Editor’s note: This is the first installment of a multi-part series on the history of Old Town Clovis, as told by Larry W. Gamble, a member of the Central Clovis Steering Committee in the 1980s. The committee provided input to the City Council on what would eventually become Old Town Clovis.
“Watch what you say about our town.” That admonishment was leveled at me recently when I stated, “As a matter of fact, in the late 1960s and early 70s, the original bustling Clovis commercial district was in decline as shoppers flocked to the new, trendy regional shopping centers.”
I was quickly reminded the downtown area was always busy and shopping there was a proud tradition of local people who shared many experiences and nostalgic memories of this little area. I hastily clarified my intent so my friend would not take umbrage.
“I didn’t mean to offend you. My observation was simply an acknowledgment of changes having taken place during the past 50 years. Early on, it was a busy place. You are correct. Clovis was a comfortable, quiet town removed from the larger city of Fresno, and most people were happy with the small community. After all, Clovis was and is, ‘A Way of Life.’”
Never miss a local story.
By the 1970s, things were changing for downtown — and not necessarily for the better. I, too, have vivid memories when I think about the changes. So I was moved to write down some of my own memories and experiences in downtown Clovis during this period.
This article is a personal perspective about one of the most creative and innovative transitions the community of Clovis ever experienced. There were undoubtedly things happening in city hall and the streets of Clovis of which I was not aware, so if I leave someone out who made significant contributions to the project, please forgive me.
I was honored to have participated in the process in the late 1970s. So, too, were Bob Burkheimer, Fred Osterberg, Doug and Terri May, Cecil Hill, Dave Head and many others.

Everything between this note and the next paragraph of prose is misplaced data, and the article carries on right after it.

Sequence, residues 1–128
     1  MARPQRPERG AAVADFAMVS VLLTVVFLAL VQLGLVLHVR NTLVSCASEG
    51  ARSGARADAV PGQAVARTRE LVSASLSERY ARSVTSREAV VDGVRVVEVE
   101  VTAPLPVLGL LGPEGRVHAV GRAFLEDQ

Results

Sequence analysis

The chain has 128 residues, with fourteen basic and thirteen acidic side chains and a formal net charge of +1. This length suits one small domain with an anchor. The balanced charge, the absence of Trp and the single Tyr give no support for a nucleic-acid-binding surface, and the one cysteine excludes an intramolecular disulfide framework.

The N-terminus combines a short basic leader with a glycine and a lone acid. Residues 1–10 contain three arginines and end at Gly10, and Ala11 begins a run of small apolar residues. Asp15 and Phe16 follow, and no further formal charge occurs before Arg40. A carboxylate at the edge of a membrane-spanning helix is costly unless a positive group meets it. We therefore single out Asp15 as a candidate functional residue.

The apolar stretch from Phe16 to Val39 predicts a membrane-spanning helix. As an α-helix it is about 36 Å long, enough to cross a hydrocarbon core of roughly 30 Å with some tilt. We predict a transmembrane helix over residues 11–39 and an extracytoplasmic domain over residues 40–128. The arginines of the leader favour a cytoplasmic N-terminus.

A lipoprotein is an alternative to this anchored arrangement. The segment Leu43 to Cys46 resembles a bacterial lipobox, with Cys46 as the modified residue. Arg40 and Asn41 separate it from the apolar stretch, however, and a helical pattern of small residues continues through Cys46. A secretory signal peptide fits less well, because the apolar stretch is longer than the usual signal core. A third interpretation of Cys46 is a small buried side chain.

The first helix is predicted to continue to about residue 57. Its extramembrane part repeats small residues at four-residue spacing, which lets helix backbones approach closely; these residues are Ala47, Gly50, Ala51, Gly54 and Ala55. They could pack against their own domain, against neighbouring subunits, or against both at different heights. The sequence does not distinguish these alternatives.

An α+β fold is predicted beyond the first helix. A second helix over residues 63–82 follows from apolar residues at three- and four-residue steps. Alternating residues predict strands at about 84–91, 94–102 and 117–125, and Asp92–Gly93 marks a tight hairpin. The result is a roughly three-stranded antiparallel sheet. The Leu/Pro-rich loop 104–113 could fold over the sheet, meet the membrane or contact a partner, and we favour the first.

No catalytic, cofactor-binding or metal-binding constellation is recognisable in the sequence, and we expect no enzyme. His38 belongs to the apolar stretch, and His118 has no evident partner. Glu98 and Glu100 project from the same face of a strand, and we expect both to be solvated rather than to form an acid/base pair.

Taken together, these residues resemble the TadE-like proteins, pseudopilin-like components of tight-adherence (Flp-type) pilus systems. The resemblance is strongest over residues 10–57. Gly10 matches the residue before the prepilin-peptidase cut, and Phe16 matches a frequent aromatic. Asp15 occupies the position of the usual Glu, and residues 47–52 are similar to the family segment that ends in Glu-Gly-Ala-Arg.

In 1984, there was a transformation of the original shopping area into a most beautiful, vibrant retail space. It became known as Old Town Clovis. How did it happen that Clovis moved in one direction while so many other small communities in the area remained the same?
It wasn’t magic, but the changes, in effect, seemed magical. The result reflects the hard work of the city council and staff combined with the efforts of many dedicated people from the downtown community. Each group did their part in preserving the intimacy of the original shopping area.
They were individuals who loved Clovis and mustered up the energy to make positive things happen. They were people who had a clear vision of the city’s potential and a belief in its ability to change for the better while preserving qualities of quaintness. All that was needed was a little urging, a lot of love and money.
Public infrastructure was in desperate need of improvement. Streets flooded in the winter. Cracked and broken sidewalks caused injuries. The economic reality for businesses was that tax revenue was in freefall. Decreasing revenue was generated by stores. Rents in downtown were low and vacancies were increasing. That meant the owners did not have the capital to fix their buildings.
Each year new regional shopping opportunities were taking shoppers away from the central core of Clovis in greater numbers. It became more and more difficult to compete with product diversity, pricing and selection of these new centers. Downtown Clovis supermarkets and drugstores were closed.
Most places of business were not open on Sunday, so a tumbleweed could literally roll down Pollasky Avenue and never hit a customer or a parked vehicle. In some respects, it gave the effect of an early West ghost town. Buildings such as the old DeWitt lay partly vacant with physical deterioration slowly creeping into its aging walls.
But for every frustration, there was also a chance to improve the situation. While the economy and prosperity of downtown were declining, opportunities began to appear for people who were willing to take a risk. My wife and I were two such people.
In June of 1977, Sylvia and I invested in an old commercial building on Fifth Street. Built in 1932, it was not in particularly good condition. It still had the original wiring, water pipes, and structural timbers.
We hoped to improve the building sometime in the future, but in the interim, it was all we could do to keep a tenant and make critical repairs. Sylvia and I were hoping the area might experience an economic resurgence as downtown Sacramento had done. Such a change would be dependent on a responsive City Council, an aggressive revitalization plan, and millions of dollars to rebuild the infrastructure. If such a proposal were developed, adopted and implemented, our investment might be worthwhile. Should this area continue to deteriorate, our choice to invest in Clovis would have been an unfortunate decision.
Thankfully, the community of Clovis had some very forward-thinking visionaries.
In the early 1980s, Harry Armstrong, Stan King, Peggy Bos, Gene Papenhausen, Dennis Prindiville and later, Tom Stearn were on the Clovis City Council. They understood the need to improve the situation and with great vision and foresight, courageously took the necessary actions.